Adventure expeditions are characterised by their unique temporal and spatial separateness from the quotidian and their exploratory and oft times risky nature. As such they offer a multitude of possibilities in research terms for the inquisitive investigator. Few studies however have considered the researcher’s experience of exploring such settings. Primarily methodological in focus, this paper examines the challenges and management of the adventure-researcher’s multiple roles during a sea kayaking expedition. An expedition observation framework is constructed as a tool to aid the conceptualisation of the field. In a candid and reflexive social commentary, the relative and fluid positioning of the researcher in insider-outsider terms is probed and despite their nuanced differences, the interplay of ethnography and autoethnography in achieving this. The concept of existential authenticity as a complementary theoretical framework is used to illustrate the marginality and liminal nature of the adventure scape and the researcher’s task within it.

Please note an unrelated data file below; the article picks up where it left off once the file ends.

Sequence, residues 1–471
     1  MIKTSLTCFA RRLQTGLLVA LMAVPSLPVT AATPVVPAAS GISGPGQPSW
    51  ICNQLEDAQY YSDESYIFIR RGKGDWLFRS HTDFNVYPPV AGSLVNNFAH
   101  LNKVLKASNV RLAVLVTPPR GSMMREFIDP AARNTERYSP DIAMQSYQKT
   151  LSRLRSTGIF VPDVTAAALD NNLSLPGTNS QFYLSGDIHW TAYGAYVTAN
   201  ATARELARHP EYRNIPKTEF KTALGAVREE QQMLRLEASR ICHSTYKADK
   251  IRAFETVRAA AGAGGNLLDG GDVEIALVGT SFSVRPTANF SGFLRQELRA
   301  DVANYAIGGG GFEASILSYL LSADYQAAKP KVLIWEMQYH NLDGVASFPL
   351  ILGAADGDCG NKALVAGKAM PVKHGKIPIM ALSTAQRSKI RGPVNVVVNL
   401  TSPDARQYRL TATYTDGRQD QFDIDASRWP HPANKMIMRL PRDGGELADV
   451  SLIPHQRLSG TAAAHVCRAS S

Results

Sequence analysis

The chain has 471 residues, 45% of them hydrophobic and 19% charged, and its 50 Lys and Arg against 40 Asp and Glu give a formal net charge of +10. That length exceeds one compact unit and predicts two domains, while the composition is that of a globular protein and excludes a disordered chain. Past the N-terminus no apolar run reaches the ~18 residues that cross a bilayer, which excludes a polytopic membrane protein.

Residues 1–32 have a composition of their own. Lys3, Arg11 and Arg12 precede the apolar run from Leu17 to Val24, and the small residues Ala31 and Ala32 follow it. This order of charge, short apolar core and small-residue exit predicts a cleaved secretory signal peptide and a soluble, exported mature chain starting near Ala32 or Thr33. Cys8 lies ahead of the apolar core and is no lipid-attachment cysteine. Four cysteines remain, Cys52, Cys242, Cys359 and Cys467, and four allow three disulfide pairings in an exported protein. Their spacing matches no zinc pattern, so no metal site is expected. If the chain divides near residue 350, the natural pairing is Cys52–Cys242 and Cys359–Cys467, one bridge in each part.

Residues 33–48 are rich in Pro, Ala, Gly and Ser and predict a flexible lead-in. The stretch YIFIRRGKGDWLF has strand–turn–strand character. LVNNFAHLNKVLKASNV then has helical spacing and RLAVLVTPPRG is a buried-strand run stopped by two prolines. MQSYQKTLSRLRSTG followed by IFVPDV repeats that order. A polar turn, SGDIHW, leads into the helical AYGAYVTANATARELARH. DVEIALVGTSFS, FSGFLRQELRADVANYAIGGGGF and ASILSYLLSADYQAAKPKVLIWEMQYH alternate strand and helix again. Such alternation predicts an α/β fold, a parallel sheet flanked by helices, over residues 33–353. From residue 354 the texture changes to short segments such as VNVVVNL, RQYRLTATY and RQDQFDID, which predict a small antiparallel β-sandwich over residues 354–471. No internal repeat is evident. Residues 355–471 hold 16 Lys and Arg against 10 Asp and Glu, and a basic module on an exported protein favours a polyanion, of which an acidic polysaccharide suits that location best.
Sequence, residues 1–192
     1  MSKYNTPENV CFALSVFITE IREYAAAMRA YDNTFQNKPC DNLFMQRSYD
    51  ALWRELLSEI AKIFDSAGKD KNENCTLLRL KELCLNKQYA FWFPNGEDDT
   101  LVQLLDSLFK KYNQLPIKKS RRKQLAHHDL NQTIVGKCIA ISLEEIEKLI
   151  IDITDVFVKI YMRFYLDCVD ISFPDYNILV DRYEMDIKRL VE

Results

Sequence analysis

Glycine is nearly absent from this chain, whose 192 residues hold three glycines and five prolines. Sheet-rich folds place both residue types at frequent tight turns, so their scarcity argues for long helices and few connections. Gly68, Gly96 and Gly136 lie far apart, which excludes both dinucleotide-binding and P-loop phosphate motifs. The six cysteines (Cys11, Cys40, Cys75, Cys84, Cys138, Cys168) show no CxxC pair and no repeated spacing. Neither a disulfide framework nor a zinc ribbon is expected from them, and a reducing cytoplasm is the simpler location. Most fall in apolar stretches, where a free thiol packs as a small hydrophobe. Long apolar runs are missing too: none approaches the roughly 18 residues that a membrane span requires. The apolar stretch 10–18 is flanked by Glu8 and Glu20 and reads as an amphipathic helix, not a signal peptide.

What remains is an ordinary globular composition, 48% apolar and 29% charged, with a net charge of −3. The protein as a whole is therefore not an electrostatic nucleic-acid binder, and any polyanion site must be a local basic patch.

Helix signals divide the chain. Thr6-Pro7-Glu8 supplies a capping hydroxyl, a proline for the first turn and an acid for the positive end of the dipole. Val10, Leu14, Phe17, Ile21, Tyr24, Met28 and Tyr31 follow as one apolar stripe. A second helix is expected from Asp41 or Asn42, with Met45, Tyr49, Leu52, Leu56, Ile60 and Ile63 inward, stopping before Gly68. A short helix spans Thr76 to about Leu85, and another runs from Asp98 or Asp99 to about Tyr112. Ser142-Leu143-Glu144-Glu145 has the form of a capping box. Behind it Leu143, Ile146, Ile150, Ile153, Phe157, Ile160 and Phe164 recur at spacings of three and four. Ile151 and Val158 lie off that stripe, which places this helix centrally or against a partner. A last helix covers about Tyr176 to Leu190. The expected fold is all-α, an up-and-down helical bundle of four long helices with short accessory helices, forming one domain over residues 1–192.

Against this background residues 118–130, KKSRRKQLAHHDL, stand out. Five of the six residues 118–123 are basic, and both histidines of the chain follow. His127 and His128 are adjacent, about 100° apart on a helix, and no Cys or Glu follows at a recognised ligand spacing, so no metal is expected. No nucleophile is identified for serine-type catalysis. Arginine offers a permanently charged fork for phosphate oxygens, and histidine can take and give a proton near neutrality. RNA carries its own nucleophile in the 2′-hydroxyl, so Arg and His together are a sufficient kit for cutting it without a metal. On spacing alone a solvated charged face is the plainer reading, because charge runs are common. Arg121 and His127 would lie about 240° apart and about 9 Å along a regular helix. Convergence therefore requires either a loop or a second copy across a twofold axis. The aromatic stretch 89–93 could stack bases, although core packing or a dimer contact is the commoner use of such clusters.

|Number of pages
|Journal of Adventure Education and Outdoor Learning
|Published - 1 Jan 2019